Why are there so many strikes in Germany at the moment?
Airport security staff, Lufthansa ground staff, train drivers, bus drivers and doctors; sectors across Germany are being hit by a wave of strikes. What’s pushing them?
Tarifvertrag season: Why is everyone striking in Germany?
Back in December, after months of unsuccessful negotiations with Deutsche Bahn, 97 percent of German Train Drivers’ Union (GDL) members voted for an indefinite strike. - although GDL boss Claus Welseky promised to hold off action until after the Christmas period drew to a close.
With the new year came a wave of strikes in Germany, not just from the GDL but security staff and ground staff at airports, doctors, medical assistants, and bus, tram and U-Bahn drivers. Almost every week since January 1 has seen at least one strike in Germany, either nationwide, or across one or multiple German states and negotiations are ongoing.
One reason for this is that the new year also brought with it “Tarifvertrags-Saison” (collective labour agreement season). In Germany, entire industries or individual companies can work with Tarifverträge (collective bargaining agreements). These contracts are negotiated between employees, their trade union representatives and their employers.
However, these contracts have an expiry date, after which employers, employees and union representatives return to the negotiating table to discuss a new deal. At the moment, train drivers, airport security staff, bus drivers, medical staff and more, are all negotiating new Tarifverträge.
2024 creating the perfect conditions for strikes in Germany
However, negotiations don’t always lead to strikes, which are considered a last resort. What else is at play in 2024's Tarifvertrag season? “[I]n the last few years, we've had historically high inflation rates, that employees have had to take some massive real-terms salary losses," Thorsten Schulten, a researcher at the Hans Böckler Foundation, told Deutsche Welle.
With most unions demanding significant pay rises and a one-off inflation offset payment, employers in 2024 are more reluctant to accept demands, and at least in the case of the GDL, have refused to come close to meeting demands until after multiple warning strikes and longer industrial action. All of this draws out negotiations and can make strikes more regular, bigger and last longer.
More people in Germany are joining unions, and younger
In recent history, in comparison to their European and particularly French neighbours, employees in Germany don’t have such a penchant for striking. According to the Institute of Economic and Social Sciences, between 2012 and 2021, only 18 work days a year were lost due to strike action in Germany per 1.000 employees, in comparison to 92 days a year in France. For reference, Slovakia (0 days lost), Austria (1) and Switzerland (1) have the fewest strikes in Europe.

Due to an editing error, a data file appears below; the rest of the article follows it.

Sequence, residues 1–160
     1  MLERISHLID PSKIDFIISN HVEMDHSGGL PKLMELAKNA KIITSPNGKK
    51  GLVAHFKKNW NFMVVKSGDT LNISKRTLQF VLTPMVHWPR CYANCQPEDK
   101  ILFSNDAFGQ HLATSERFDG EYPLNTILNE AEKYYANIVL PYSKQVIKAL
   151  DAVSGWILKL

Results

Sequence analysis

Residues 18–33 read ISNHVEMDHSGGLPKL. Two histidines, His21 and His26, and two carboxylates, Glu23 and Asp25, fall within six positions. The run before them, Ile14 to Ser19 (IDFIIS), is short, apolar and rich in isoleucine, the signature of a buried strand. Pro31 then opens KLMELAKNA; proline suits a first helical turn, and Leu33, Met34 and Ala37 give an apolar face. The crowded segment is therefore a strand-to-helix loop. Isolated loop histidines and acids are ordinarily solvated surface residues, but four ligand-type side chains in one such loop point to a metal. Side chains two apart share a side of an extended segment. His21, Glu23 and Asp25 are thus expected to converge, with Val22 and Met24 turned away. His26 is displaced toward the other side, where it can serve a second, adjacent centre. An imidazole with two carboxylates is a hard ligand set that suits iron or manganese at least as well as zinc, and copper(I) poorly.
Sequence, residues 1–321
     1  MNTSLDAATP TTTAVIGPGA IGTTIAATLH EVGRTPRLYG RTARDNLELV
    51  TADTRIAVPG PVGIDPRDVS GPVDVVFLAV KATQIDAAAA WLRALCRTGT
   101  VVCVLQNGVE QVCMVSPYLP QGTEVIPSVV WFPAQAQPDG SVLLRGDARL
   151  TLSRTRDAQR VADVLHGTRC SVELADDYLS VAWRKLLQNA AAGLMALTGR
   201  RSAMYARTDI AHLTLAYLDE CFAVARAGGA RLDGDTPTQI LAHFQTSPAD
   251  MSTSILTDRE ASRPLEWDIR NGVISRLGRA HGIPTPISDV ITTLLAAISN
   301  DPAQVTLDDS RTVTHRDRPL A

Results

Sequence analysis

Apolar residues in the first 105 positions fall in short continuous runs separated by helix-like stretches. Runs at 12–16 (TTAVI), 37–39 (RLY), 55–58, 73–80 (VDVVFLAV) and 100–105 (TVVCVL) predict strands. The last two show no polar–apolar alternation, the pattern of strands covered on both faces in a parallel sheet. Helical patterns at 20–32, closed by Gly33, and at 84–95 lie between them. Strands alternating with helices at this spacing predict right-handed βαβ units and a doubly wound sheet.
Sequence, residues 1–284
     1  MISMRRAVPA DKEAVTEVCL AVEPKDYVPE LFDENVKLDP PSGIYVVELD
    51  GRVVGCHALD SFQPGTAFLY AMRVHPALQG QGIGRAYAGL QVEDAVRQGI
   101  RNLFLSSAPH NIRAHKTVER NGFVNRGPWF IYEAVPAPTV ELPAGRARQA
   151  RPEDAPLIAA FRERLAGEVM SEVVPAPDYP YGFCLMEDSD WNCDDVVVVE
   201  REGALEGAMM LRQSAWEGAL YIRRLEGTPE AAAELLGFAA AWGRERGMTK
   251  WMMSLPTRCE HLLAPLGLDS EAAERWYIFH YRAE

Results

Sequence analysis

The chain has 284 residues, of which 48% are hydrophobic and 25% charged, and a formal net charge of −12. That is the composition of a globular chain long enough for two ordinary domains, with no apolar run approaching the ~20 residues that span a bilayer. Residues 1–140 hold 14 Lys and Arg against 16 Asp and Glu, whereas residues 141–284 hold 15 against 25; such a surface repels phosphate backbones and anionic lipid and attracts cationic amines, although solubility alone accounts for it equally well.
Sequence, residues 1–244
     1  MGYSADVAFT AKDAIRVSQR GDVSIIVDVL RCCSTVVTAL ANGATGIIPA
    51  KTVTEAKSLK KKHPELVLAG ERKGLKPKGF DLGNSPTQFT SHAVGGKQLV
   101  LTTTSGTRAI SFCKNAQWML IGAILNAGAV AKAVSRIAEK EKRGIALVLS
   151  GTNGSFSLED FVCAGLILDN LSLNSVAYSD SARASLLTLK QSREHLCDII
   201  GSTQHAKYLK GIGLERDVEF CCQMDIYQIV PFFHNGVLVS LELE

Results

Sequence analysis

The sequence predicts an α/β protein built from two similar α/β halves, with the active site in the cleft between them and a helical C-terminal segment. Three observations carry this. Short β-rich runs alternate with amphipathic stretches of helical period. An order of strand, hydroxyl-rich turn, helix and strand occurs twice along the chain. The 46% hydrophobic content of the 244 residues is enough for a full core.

While Tarifvertrag negotiations cause large disruptions in Germany, fewer employees in the federal republic are covered by the collective bargaining contracts than they were just over a decade ago, 43 percent in 2023 compared to 56 percent in 2010 - and significantly less than the 80 percent goal set by the EU in 2022.
But ver.di, one of Germany’s biggest trade unions, is hoping that this wave of strikes is proof of a change in the tide. The organisation has said that 2023 was its most successful year since it was founded in 2001. Last year it signed up 193.000 new members in Germany, a net gain of 40.000 people. Similar increases are to be found at the GDL and hospitality union, the NGG.
Germany’s worker shortage is driving employee confidence
According to Marcel Fratzscher, head of the German Institute for Economic Research, it is not just the hard times intersection of inflation, the leftovers of coronavirus hardship and increased union membership which is driving the wave, but also a renewed confidence in employees during a record-high worker shortage in Germany.
"We have 1.8 million open jobs, and employees are getting more confident and saying: 'We want better working conditions and better pay,'" Fratzscher told Deutsche Welle. The demographic of those making these demands is also changing, with ver.di noting that over 50.000 of its new members in 2023 were under the age of 28.
Unions are also making a move to demand new conditions that appeal to the younger generation. IG Metall, Europe's largest industrial union, has been in negotiations since 2020 to institute a four-day week for metal workers in Germany, partly in the hope that it will combat job losses in an industry that urgently needs to make a green transition.
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